1. This is very interesting.It seems that most artist want to have their work seen but is the internet or any virtual representation the same as physically being in the presence of the artist work? I doubt it . What seems like a more appropriate discussion would be how to use the internet and other virtual options including the one being marketed by United Creators to allow more art to be physically accessible to the general public.

    Additionally most artist want to have their art support their profession and or craft. If we just look at the music industry we’ll see all of the problems that internet exposure can present. I don’t believe it would be an inappropriate question to ask if musicians are better off today than they were prior to online downloads. Most musician I know are no better off today than they were in the late 80’s. Yes their music is more widely accessible but they are still struggling to make a living off of their music. Additionally they find themselves frustrated trying to find a platform in the world of over saturated music marketing that in most cases serves the needs of the market and do little for the musician.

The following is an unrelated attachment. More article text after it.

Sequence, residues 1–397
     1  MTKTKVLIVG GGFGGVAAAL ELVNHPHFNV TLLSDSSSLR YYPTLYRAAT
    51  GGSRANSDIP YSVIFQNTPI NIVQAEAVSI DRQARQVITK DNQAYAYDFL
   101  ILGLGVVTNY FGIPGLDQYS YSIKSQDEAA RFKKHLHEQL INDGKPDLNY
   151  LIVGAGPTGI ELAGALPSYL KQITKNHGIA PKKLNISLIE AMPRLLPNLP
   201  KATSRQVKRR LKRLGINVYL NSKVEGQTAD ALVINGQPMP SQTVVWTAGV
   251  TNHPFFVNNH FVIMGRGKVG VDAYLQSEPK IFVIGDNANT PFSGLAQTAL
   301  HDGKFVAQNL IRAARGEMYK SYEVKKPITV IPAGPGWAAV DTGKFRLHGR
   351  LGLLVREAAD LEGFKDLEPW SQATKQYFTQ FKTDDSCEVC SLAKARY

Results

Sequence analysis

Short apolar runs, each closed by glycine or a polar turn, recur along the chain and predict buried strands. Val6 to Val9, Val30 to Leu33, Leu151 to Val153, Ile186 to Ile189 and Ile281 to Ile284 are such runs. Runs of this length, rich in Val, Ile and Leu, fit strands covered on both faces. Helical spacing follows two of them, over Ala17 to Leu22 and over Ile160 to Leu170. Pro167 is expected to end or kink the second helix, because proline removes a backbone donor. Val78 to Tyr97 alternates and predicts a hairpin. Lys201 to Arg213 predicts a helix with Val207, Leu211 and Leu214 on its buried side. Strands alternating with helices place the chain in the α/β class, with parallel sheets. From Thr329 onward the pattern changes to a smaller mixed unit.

Do I have the answer? No. But again it seems to be the discussion we should be having is what can be done to allow all artist to show and promote their work and at the same time support themselves.

  2. emmanuel, the whole point of this concept is to enhance the visibility and the success of undiscovered artists, galleries around the world without giving oneself into the risks and costs of logistics etc. as Ms. Yamakoglu expressed it. I found it actually extremely forward-thinking.

    I agree that websites are a power medium for artists and institutions to present their work, collection respectively but have you ever found yourself talking over art and socialized with others looking at a thumbnail on your laptop screen? That’s was the magic I experienced at this exhibition. Great aspect to this is also that this exhibition is apparently running simultaneously in Europe as well.

  3. “it is a romantic idea to thrive, however i do see the side of the hardship being attractive (but maybe only in theory as actually starving is quite unpleasant)”